In the fourth installment of our series on leases, we look at the tax impact of the new standard.
Tax law did not change as a result of the new leases standard, and for tax purposes leases will continue to be a true tax or non-tax lease. However, as with most changes to GAAP, there is potential for additional book-to-tax differences for all types of entities, from C Corporations to pass-through entities.
Review the key taxation considerations below to help minimize additional surprises once you have fully implemented the new standard.
Lease origination costs are generally capitalized for tax unless they do not exceed $5,000 in the aggregate per lease. Under ASC 842, many types of origination costs will not meet the definition of initial direct costs (defined in ASC 842 as incremental costs of a lease that would not have been incurred if the lease had not been obtained). Instead, they will be expensed for book. Specifically:
The calculation of state and local income taxes may change due to changes in the apportionment formula. Franchise tax base may also be impacted.
The recognition of ROU assets and lease liabilities on the balance sheet for operating leases under ASC 842 will require C Corporations to recognize new deferred tax assets and liabilities, which may not offset each other due to uneven lease payments and/or initial direct costs:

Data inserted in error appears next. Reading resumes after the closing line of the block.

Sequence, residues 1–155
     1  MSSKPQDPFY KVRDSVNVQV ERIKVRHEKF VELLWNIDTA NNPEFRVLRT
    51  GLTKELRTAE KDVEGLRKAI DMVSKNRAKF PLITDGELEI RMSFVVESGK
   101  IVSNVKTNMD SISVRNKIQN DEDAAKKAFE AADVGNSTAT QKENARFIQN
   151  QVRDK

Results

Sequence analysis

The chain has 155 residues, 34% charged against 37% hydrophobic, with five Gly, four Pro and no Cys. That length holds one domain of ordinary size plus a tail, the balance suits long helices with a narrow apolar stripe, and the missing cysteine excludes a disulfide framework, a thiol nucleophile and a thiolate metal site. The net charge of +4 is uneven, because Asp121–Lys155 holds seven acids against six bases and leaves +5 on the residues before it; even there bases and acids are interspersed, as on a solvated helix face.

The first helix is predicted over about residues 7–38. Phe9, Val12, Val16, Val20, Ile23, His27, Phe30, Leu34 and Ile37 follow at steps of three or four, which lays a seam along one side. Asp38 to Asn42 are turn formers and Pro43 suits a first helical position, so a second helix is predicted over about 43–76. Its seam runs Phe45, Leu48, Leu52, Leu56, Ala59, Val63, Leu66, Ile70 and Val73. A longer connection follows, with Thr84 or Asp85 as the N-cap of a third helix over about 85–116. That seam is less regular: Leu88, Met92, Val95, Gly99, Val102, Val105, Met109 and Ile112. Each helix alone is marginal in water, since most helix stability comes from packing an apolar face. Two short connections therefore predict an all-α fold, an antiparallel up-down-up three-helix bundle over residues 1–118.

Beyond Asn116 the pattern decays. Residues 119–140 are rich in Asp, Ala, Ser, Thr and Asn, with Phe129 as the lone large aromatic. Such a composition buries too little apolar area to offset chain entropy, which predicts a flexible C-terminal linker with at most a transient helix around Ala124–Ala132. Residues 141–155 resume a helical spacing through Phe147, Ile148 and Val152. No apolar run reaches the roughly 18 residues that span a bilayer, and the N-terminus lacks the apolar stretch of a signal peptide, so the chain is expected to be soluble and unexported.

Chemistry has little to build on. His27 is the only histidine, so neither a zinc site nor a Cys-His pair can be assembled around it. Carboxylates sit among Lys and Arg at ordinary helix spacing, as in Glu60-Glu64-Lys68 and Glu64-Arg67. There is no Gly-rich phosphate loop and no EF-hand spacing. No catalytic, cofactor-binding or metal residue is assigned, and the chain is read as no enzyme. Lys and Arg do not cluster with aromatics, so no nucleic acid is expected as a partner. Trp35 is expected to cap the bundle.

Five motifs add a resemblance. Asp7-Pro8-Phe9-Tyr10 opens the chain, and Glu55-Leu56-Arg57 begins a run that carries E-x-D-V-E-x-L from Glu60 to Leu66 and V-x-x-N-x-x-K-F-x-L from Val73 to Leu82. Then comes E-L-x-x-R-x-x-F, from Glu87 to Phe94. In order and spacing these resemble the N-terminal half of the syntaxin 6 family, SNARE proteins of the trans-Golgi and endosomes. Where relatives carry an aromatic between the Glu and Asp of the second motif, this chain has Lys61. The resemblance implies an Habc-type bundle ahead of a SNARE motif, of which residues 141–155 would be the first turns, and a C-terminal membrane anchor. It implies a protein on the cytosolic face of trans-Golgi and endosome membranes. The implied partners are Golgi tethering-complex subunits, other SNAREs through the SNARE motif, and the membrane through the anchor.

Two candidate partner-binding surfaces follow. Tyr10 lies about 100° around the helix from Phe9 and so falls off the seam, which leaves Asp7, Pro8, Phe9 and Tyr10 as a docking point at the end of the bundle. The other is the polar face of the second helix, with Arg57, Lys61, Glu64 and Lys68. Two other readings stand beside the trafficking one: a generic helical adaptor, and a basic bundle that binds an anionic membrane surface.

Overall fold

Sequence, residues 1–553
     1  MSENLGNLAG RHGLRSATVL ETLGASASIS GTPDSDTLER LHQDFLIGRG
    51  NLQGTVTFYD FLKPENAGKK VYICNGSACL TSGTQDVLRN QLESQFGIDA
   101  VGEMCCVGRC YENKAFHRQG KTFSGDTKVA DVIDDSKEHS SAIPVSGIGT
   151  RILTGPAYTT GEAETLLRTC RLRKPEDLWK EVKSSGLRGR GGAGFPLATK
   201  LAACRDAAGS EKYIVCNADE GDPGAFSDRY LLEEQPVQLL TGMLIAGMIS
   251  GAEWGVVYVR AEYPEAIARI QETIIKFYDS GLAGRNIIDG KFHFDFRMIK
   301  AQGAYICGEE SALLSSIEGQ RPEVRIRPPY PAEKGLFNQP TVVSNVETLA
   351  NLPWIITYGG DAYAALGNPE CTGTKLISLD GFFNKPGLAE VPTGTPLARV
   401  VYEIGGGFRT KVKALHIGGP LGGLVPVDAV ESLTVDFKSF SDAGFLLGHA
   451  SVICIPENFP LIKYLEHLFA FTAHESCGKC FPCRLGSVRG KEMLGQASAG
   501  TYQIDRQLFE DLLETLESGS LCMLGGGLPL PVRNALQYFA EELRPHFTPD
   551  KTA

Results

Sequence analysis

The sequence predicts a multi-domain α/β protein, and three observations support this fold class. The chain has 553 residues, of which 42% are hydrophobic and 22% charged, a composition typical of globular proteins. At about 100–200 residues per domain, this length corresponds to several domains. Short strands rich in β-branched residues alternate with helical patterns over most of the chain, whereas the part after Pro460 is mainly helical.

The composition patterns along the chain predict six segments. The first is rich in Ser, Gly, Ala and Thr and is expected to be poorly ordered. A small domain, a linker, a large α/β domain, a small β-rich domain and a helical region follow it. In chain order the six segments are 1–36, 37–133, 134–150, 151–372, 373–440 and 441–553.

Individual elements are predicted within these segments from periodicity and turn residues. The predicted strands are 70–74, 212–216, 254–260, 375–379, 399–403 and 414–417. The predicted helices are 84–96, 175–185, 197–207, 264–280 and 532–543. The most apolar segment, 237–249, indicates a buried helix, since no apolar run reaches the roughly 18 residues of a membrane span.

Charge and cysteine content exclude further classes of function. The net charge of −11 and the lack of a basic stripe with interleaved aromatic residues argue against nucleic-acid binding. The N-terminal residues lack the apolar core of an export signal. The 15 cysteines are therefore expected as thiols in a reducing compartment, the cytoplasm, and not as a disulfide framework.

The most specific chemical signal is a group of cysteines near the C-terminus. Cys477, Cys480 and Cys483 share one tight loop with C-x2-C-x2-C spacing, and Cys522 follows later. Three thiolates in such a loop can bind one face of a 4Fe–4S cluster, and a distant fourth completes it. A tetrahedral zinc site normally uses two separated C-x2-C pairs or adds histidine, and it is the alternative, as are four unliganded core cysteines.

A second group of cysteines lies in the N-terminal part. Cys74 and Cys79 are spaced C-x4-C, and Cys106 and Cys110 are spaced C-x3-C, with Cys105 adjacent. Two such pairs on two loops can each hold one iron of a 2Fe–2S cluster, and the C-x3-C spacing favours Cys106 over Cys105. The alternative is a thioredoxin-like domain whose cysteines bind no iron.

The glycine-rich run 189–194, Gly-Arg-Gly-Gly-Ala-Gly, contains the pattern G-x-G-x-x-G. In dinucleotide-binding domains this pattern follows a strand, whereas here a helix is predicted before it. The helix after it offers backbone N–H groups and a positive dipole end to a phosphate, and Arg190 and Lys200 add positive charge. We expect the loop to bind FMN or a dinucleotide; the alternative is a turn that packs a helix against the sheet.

The primary concern for lessors is deferring any selling profit, which for some direct financing leases under ASC 842 could create new or larger deferred tax assets.
Sale-leaseback transactions could result in new deferred tax assets/liabilities if accounted for as a sale-leaseback for tax purposes but is a failed sale or failed purchase under ASC 842.
Considering these potential differences while planning for the transition — and keeping detailed records of what comprises the ROU assets and lease liabilities created for book — will help ensure proper treatment in accordance with GAAP and lessen the tax burden down the road.
Contact Jessica Foster at email@example.com or a member of your service team to discuss this topic further.
Cohen & Company is not rendering legal, accounting or other professional advice. Information contained in this post is considered accurate as of the date of publishing. Any action taken based on information in this blog should be taken only after a detailed review of the specific facts, circumstances and current law.
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